In the broadcasting industry, a network affiliate or affiliated station is a local broadcaster, owned by a company other than the owner of the network, which carries some or all of the lineup of television programs or radio programs of a television or radio network. This distinguishes such a television or radio station from an owned-and-operated station, owned by the parent network. Notwithstanding this distinction, it is common in informal speech to refer to any station, O&O or otherwise, that carries a particular network's programming as an affiliate, or to refer to the status of carrying such programming in a given market as an "affiliation". Stations which carry a network's programming by method of affiliation maintain a contractual agreement, which may allow the network to dictate certain requirements that a station must agree to as part of the contract. Affiliation contracts last between three and five years, though contracts have run for as little as one year or as long as ten. While many television and radio stations maintain affiliations with the same network for decades, on occasion, there are certain factors that may lead a network to move its programming to another station at the end of one network's existing contract with a station.
One of the most notable and expansive affiliation changes occurred in the United States from September 1994 to September 1996, when television stations in 30 markets changed affiliations as a result of a May 1994 agreement by New World Communications to switch twelve of its stations to Fox, resulting in various other affiliation transactions including additional groupwide deals. In the United States, Federal Communications Commission regulations limit the number of network-owned stations as a percentage of total national market reach; as such, networks tend to have O&Os only in the largest media markets, rely on affiliates to carry their programming in other, smaller markets. However the largest markets may have network affiliates in lieu of O&Os. For instance, Scripps's WPIX serves as the New York City affiliate of The CW, which does not have an O&O in that market. On the other hand, several other television stations in the same market – WABC-TV, WCBS-TV, WNBC, WNJU, WNYW, WWOR-TV, WPXN-TV, WXTV-DT and WFUT-DT – are O&Os.
A similar rule exists in Japan, in which regulations governed by the Ministry of Internal Affairs and Communications limit the number of network-owned commercial television stations as a percentage of total national market reach. As such, commercial networks tend to have O&Os only in the four largest media markets, rely on affiliates to carry their programming in other prefectures. However, there are two major exceptions to the regulations. NHK is a government-owned, non-commercial television network and, since it is not covered by the ownership cap and operates all of its stations. TV Tokyo Network is not covered by the ownership cap due to the network's low number of affiliates. In Brazil, government regulations limit the number of owned-and-operated stations that a television network can own based on the percentage of total national market reach; as a result, the five main national networks tend to have O&Os only in the metropolitan areas of Rio de Janeiro and São Paulo and rely on affiliates to carry their programming outside of those two areas.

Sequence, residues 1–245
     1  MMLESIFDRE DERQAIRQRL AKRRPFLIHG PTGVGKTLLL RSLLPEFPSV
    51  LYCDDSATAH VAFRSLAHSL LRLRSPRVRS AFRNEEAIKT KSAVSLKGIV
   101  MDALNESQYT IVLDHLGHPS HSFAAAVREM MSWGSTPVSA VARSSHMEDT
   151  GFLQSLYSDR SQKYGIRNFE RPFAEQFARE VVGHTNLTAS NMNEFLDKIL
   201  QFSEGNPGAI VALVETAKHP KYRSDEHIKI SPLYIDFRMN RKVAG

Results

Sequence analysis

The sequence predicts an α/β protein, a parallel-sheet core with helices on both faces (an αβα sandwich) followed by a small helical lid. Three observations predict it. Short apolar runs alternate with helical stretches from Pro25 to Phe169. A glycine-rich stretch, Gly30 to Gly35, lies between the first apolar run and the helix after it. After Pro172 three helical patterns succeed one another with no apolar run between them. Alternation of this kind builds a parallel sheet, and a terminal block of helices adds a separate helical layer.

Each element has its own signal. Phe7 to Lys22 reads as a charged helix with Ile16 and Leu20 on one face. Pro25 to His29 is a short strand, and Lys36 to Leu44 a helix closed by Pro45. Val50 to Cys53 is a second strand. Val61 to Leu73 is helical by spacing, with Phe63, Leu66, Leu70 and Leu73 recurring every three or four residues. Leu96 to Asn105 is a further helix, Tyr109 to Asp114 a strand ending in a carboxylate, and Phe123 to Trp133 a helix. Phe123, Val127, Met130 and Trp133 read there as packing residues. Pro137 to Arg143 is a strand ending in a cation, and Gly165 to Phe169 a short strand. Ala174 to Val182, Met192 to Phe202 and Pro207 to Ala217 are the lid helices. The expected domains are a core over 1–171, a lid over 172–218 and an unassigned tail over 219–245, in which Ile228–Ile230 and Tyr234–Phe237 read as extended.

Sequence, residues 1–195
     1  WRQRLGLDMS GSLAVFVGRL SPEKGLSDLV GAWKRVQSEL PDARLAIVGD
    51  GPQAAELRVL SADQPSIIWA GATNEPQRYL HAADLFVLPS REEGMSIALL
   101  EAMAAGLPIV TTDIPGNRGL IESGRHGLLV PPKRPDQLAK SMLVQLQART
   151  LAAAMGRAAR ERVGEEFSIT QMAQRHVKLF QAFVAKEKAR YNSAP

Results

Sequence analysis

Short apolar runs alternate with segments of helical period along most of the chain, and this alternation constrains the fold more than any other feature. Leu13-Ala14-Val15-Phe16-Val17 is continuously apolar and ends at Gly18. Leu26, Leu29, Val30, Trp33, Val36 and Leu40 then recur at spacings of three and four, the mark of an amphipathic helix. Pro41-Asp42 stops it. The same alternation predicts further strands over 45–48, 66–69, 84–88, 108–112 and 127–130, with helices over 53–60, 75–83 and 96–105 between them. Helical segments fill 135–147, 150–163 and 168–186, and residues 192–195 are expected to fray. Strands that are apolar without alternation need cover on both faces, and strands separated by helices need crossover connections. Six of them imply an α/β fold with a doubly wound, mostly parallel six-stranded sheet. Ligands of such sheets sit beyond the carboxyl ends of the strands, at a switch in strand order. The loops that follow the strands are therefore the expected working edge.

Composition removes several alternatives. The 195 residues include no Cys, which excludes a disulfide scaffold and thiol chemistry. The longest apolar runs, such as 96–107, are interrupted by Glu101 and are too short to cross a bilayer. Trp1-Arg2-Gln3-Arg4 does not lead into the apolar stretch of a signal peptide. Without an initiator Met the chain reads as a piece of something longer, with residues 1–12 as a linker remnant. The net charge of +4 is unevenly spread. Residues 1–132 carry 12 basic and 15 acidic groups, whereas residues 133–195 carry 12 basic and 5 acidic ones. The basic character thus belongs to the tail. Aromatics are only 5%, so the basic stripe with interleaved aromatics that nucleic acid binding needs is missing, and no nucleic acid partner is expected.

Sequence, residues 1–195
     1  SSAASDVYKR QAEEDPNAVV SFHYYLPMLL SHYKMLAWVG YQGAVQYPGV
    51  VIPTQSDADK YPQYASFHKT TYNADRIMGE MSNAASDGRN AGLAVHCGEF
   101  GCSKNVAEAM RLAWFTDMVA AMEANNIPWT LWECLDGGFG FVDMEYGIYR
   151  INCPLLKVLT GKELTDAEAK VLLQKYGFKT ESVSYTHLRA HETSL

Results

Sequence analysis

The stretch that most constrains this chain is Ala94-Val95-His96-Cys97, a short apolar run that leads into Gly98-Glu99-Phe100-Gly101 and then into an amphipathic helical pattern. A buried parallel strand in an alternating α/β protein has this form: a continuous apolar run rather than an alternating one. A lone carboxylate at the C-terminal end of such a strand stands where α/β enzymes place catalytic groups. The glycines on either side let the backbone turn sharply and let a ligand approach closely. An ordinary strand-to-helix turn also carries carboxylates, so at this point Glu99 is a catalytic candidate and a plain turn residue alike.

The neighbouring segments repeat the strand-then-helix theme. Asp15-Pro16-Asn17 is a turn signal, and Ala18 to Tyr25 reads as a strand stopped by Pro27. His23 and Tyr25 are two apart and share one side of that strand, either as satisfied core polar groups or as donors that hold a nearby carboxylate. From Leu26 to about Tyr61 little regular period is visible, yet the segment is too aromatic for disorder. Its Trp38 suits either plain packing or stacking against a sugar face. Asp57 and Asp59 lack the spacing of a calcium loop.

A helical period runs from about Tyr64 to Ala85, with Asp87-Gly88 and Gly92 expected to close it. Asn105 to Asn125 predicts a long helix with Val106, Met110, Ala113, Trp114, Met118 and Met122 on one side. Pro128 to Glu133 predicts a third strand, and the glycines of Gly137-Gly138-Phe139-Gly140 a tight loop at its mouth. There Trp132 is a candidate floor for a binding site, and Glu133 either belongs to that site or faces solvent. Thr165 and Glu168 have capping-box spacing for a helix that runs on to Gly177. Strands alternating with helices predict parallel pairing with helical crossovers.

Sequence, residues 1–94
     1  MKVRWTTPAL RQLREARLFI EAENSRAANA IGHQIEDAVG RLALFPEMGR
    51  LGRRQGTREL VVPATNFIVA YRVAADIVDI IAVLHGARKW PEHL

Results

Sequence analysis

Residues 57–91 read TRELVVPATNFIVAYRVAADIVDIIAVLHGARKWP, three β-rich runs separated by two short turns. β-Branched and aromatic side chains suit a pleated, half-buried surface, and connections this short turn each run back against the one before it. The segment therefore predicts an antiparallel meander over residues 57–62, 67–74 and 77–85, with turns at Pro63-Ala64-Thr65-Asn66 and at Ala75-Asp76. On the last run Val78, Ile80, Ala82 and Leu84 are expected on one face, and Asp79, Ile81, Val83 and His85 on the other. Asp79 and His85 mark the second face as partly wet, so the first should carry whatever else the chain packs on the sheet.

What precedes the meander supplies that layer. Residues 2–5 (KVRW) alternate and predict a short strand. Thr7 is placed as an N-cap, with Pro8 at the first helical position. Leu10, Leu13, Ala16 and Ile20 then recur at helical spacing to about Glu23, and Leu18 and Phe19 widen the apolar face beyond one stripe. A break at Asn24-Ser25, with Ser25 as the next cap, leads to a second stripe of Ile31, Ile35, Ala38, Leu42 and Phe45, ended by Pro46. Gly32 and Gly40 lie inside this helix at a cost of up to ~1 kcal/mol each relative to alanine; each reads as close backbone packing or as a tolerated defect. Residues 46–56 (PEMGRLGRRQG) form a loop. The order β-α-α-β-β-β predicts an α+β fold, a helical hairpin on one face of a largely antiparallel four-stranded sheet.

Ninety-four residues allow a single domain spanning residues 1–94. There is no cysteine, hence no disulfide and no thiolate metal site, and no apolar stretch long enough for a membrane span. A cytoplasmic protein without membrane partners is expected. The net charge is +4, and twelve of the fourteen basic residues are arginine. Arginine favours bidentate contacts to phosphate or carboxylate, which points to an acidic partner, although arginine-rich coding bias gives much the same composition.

The metropolitan areas of Belo Horizonte, Brasília and Recife are examples of those who have both O&Os and affiliates. For instance, Rede Globo and RedeTV have O&O s in Recife. TV Cultura, Rede Brasil de Televisão, TV Gazeta only have one owned-and-operated station each. In Canada, the Canadian Radio-Television and Telecommunications Commission has more lenient rules regarding media ownership; as such, most television stations, regardless of market size, are now O&Os of their respective networks, with only a few true affiliates remaining. The Canadian Broadcasting Corporation relied on a large number of owned affiliates to disseminate its radio and television programming. However, since the 1960s, most of the CBC Television affiliates have become network owned-and-operated stations or retransmitters. CBC Radio stations are now O&O. While network-owned stations will carry the full programming sc